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With and without disabilities: A new understanding of worship

On July 30, Susan McSwain brought her friends from Reality Ministries to lead us in worship. Reality Ministries is a community of people with and without disabilities serving each other and serving the city of Durham, North Carolina, together. As they lead worship that Sunday, I experienced a joy so pure I almost questioned all previous experiences of joy in worship. In trying to say thank you, I found myself reflecting theologically on that iris-widening encounter. Theology, if I am reading Paul correctly, is a thank-you note to a life-impacting gift. So, here is my letter to give thanks for the gift I received in worship.

Dear Susan McSwain and the Reality Ministries Team,

Thank you for leading worship for us. For you weren’t just a guest preacher and worship team breaking up our routine. No. You changed the worship of New Life permanently. For the following Sunday’s worship wasn’t ordinary either. Your team wasn’t there, but your joyous spirit was flaming through us, like menorah candles that stay lit beyond its oil supply. Now, we weren’t dancing as we did when your friends led, but feet were tapping and I swear, given time, those feet would have hopped and spun. People were singing so loudly it was difficult to hear the worship leader at the microphone. He was happy to step away from the microphone and let the congregation lead. Just as it was when your friends led, it was confusing as to who was leading who.

What did you do to us?

You loosened the chains of performance in our worship. And we didn’t even know that we were cuffed by such heavy irons of perfection until we felt our hands rising unfettered. Honestly, we thought we were theologically astute and spiritually mature enough to know that worship is not a production but a joyful response to the reality of God. But when we saw that theological statement incarnated in Suvya Carroll belting full-voiced notes in her wheelchair, and Leroy Farrington and Mike Brogden twirling awkwardly and beautifully as they turned melodies into body movements, we found ourselves reveling along. And that made me wonder if we didn’t have a clue to what joy was and, perhaps, we didn’t even know what the reality of God was. Only the authentic exposes forgery. Yes, your friends gifted us a worship that began a rethinking/repenting of our worship. You guided our fingers to feel the texture of the “Reality” of God – so now I get why you named your community Reality Ministries. And you, Susan, did it without talking about it. You didn’t even talk much about your ministry. You and your friends simply reveled in that reality of God’s loving presence, and you took us with you. We saw God’s glory, because you saw it.

I’ve been thinking about why we fail to see this reality of God’s unconditioned love, even though we proclaim it on Sunday mornings. I mean, that’s the gospel: “God is love.” But how we worship, fretful and timid, has been contradicting it! I think it’s the persistent and powerful illusion of our “ableness.” We want to believe we are absolutely able to do what we want. This lie is so fragile – and we know it – that we cast out anything that questions this ludicrous belief. So we push away people with disabilities, whose very apparent limitations recall our own fundamental limitations. We keep them as objects of pity and ministry. We corral them to the margins where we can ignore them. We don’t want them on the stage. They are to be led, not lead, for we are not dis-abled like them.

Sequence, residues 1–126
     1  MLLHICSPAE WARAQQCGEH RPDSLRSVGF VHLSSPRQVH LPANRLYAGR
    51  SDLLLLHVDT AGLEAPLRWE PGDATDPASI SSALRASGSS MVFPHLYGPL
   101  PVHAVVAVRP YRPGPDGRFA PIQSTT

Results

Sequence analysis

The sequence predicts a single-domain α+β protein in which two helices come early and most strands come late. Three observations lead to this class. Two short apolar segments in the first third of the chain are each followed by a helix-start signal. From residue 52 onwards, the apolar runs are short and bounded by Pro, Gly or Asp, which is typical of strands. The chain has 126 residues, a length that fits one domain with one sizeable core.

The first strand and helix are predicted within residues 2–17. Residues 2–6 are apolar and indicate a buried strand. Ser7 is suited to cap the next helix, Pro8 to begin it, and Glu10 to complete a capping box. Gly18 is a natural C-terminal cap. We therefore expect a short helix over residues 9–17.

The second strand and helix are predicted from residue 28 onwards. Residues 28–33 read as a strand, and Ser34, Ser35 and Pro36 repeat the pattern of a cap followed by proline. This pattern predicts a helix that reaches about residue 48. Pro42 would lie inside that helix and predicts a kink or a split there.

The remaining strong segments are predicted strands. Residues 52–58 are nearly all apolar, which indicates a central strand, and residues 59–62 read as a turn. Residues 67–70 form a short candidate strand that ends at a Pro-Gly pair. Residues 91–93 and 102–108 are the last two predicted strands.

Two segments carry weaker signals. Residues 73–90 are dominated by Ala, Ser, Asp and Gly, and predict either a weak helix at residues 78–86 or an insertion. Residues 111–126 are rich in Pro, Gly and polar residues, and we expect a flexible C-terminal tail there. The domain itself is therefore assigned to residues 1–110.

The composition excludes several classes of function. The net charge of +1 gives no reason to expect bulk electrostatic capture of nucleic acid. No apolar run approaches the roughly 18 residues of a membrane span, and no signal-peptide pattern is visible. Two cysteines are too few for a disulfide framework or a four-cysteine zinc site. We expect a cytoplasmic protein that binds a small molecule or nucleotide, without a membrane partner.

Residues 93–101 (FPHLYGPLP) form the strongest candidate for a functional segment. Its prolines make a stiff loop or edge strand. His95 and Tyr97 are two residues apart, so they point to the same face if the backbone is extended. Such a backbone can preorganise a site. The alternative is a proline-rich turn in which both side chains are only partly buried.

It is pernicious to think only the abled can lead. That practice perpetrates the lie that God’s love is conditioned on our ability. If we permit only the abled to lead worship, we say implicitly only the abled can lead worship that is acceptable ­­– which in turn implies: only the abled are acceptable. We speak gospel with our lips, but contradict it with our very worship.

But your friends were not roped by the lies of God’s love conditioned. They led confidently in their disability because they trust the truth that their disability doesn’t disqualify them from God, and certainly not in leading people in worship. I confess that I used to think people with disabilities sing joyously off-key because they don’t know better. This is the arrogance of the supposed abled like myself: We don’t assume the same type of deep inner life and awareness in others, especially those with disabilities. But now I know those with disabilities are fully aware of their disabilities, and because of that awareness they know that they are more than their disabilities, and that their disabilities don’t lessen the image of God in them. They are already free to be more than their disabilities. What paradox I’ve been privy to! While we, who persist with the illusion of ability, don’t see our disabilities/ limitations, we often attempt less because of the fear of discovering what we cannot do and being defined by that.

Well, I have chosen to sing (and everything else in life) with the dis-ability that comes simply from being a human. It’s freeing to know that my worship (life) isn’t less acceptable because of my lesser ability. True joy isn’t found in performance well done, but in the soul freed from the draining work of keeping up the lie of one’s ability, in the soul dancing in one’s worth unconditioned on one’s abilities or disabilities.

May people of disabilities continue to lead us to the freedom in our disability and the reality of God’s acceptance.


SAMUEL SON is co-pastor at New Life Triangle, a new multi-ethnic church/1001 new worshipping community of New Hope Presbytery in Raleigh, North Carolina. He is also a columnist for North State Journal. Visit his website.